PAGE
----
The One Lifestyle Change You Should Make To Keep Your Sobriety Strong

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Choose a non-alcoholic drink to call your own in early recovery.

In early sobriety I drank a ton of coffee. It wouldn’t be exaggerating to say that I overdid it. Working at a coffee place didn’t help, with its early hours and grueling rushes, but I definitely carried my coffee habit well after I quit that job. These days, I’m trying to reduce my caffeine. (Not eliminate it, but have a saner perspective when it comes to getting my energy from what I drink.)

Having a signature drink is just as helpful and comforting now as it was when I was drinking. Actually, when I’m at a work function, or some kind of party with mostly drinkers, it’s even more important to know what I’ll be drinking. So here’s a handy guide to cooking up a new signature drink now that you’re living the sober lifestyle. And remember to sound off in the comments with ideas of your own!

“Having a signature drink is just as helpful and comforting now as it was when I was drinking.”


This one is an old standby. Very few things are as comforting and camaraderie-inducing as a hot cup of the good stuff. Granted, it’s easy to overdo it on the caffeine. And finding a decent cup isn’t always easy at bars and restaurants. Plus, unless you drink it black, you may find yourself spiking and crashing on sugar, in addition to that caffeine rush. Still, if you’re one of those drinkers who liked to geek out about the more esoteric qualities of wines and spirits, a coffee obsession may just fill that gap.


Much more calming than coffee, the possibilities with tea are practically limitless. Some of my sober friends have gone particularly far down this rabbit hole, even sourcing rare and fancy teas from Asia. If you’re looking to take your palette on a wild ride, tea may be your drink. If you’re really serious, you can carry your own tea bags with you and just order hot water wherever you go. You also get to enjoy that most elusive of pleasures: tea time.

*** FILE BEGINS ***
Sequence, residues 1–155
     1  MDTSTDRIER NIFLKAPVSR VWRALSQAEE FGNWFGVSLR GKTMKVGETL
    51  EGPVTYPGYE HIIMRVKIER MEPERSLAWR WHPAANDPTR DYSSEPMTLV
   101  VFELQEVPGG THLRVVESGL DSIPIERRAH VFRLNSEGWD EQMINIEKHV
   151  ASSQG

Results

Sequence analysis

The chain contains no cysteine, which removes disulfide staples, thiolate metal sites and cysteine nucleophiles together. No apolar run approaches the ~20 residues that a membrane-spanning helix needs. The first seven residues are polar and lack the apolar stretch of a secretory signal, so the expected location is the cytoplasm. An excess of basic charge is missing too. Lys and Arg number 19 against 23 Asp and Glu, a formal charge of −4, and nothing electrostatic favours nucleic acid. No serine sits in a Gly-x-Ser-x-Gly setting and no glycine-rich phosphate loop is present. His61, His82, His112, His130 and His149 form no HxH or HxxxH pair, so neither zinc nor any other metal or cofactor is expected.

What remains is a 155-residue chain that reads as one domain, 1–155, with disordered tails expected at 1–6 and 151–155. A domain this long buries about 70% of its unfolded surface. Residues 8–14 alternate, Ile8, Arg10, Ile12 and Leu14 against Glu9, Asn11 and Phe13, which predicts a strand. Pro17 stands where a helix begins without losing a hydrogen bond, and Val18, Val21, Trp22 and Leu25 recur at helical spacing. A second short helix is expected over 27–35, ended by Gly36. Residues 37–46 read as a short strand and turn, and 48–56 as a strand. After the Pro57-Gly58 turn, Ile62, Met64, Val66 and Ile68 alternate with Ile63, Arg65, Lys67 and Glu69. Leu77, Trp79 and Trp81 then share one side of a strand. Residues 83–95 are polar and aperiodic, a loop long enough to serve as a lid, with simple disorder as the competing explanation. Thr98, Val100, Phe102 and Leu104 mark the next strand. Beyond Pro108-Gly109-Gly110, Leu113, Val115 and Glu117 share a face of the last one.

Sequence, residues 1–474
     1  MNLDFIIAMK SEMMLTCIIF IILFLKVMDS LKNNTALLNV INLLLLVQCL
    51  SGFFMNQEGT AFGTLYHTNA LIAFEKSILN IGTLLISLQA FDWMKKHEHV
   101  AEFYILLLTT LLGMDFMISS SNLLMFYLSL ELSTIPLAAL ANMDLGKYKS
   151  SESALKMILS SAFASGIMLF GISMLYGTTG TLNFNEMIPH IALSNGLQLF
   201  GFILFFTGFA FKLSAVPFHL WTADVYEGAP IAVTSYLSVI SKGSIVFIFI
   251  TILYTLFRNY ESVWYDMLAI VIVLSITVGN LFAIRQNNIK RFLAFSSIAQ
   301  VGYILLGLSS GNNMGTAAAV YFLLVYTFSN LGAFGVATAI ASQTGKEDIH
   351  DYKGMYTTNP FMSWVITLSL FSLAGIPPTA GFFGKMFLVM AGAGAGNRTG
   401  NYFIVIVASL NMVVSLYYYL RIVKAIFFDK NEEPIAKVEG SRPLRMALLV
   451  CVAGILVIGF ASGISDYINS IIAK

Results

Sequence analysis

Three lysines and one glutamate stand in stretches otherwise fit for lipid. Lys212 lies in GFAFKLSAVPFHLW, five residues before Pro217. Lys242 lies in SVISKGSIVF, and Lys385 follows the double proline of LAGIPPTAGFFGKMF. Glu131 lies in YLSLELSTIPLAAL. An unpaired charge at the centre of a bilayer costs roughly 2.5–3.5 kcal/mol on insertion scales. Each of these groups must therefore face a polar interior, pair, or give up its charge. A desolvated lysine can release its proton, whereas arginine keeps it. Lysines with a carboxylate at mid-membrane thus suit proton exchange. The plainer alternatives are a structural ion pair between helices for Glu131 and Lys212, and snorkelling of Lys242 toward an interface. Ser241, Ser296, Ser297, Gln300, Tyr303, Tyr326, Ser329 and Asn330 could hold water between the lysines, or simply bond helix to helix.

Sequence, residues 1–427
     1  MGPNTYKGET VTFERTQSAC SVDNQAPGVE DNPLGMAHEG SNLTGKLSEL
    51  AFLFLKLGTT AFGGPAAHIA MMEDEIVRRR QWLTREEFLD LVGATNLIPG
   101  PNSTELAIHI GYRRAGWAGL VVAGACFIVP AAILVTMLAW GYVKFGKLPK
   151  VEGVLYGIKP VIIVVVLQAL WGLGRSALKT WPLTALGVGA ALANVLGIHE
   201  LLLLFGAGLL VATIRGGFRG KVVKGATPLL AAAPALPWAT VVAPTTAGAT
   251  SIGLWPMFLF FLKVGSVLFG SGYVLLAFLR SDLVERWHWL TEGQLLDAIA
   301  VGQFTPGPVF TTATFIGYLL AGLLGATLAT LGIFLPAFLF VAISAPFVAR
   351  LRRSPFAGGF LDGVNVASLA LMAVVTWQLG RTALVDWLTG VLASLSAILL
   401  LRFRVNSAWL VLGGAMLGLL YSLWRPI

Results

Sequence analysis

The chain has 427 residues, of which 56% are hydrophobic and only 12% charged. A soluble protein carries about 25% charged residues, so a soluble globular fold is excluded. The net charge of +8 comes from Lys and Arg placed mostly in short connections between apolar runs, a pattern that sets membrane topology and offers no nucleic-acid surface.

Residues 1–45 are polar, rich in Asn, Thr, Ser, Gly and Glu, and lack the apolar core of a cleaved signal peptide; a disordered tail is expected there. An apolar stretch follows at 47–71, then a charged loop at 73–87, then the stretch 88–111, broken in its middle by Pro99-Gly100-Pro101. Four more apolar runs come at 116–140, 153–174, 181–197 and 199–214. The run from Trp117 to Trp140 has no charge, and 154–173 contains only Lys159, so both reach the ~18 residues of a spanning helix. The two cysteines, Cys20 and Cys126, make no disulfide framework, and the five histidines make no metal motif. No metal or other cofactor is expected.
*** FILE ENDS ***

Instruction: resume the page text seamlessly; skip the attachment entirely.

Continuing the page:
Energy Drinks

You won’t find an impartial perspective on this stuff from me. In my experience, they all taste like carbonated cough medicine. Best avoided.


Access to quality juices with great ingredients is only on the rise in most parts of the country. These days, you can walk into any mall and get a sparkling concoction of energy- and health-boosting fruits and veggies. You will pay handsomely for it. Of all the drinks on this list, juices are the easiest way to spend that paycheck.


More forward-thinking bars will make you something delicious completely sans alcohol. This can be fun if you’re at a particularly interesting place with top-flight mixologists and the crowd you’re with wants to make a night of it. Some places will even make you something custom if you tell them your tastes. I’d say, when in Rome, give it a whirl!

Ready for some recipes? Check out our mocktails.

Coconut Water

So many people love this stuff that I wonder what I’m missing. It does pack some pretty remarkable hydrating effects. So if keeping your cells in top shape is your goal, consider working it into your routine. It can also be particularly effective after a workout.

Sparkling Water

Like many people living the sober lifestyle, I am a La Croix addict. I love it because it’s free of caffeine and calories, and still provides decent hydration. The taste may be too “subtle” for some, but it’s just right for me. And if sparkling water is your bag, you’ll find plenty of options on the market at a variety of price points. Especially great when the weather heats up.

OG Water

Nothing beats it and nothing ever will. In some places, a fancy bottle of water is even a cool-kid emblem of chic sober living.


Vincent Malouf is a design strategist and experience specialist by trade, but that doesn’t stop him from nerding out about food, art, and culture. He holds degrees from Rice University and he currently works for Arizona State University in Tempe, Arizona. You can read more on his personal blog at

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